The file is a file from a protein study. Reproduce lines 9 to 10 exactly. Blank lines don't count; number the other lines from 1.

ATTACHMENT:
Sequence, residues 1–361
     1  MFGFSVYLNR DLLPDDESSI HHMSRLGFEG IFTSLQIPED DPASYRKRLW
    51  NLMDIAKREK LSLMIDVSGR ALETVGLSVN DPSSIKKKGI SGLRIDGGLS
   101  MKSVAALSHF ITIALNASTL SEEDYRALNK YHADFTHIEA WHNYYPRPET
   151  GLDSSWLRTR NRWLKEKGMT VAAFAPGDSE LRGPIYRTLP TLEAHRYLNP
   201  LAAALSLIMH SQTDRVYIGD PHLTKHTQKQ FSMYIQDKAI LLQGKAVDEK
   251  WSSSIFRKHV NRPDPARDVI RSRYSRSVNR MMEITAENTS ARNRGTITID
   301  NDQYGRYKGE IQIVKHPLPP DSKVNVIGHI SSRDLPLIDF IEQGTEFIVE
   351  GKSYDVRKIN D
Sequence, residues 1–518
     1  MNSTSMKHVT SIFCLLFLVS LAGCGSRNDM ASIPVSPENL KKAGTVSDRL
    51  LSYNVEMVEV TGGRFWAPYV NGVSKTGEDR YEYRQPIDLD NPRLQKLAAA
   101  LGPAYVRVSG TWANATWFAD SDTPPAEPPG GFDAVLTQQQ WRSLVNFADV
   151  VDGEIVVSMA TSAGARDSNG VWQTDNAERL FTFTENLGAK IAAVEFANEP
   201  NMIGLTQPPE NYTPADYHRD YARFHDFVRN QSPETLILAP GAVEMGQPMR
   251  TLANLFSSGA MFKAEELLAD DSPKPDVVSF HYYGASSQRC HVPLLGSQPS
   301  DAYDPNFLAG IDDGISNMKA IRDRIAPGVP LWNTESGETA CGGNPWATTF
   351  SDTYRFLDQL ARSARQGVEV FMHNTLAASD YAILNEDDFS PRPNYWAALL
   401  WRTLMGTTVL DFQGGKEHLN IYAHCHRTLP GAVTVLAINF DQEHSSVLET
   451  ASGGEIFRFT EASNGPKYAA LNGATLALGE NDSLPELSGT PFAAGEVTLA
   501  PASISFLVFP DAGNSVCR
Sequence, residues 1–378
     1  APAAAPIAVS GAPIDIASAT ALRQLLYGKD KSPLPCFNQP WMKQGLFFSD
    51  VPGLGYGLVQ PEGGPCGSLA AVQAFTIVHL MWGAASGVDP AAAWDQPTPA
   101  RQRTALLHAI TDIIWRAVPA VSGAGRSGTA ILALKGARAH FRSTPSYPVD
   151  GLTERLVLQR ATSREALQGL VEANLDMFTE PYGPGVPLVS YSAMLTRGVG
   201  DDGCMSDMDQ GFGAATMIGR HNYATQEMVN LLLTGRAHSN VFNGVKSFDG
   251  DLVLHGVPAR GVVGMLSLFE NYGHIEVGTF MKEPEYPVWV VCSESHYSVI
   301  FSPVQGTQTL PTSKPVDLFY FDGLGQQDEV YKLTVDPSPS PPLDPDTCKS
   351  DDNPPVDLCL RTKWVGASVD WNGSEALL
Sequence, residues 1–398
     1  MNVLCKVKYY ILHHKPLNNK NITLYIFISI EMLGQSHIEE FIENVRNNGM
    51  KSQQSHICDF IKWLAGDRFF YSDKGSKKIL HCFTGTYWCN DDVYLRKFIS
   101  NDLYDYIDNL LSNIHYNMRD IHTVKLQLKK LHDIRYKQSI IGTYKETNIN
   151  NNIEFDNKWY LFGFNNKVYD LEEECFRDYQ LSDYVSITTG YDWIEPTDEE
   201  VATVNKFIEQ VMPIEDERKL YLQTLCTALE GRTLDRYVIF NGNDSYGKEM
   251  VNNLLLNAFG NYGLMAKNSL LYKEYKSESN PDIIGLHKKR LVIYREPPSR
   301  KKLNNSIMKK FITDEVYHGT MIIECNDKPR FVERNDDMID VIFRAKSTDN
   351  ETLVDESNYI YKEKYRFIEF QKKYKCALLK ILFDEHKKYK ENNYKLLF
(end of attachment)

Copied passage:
   351  GKSYDVRKIN D
Sequence, residues 1–518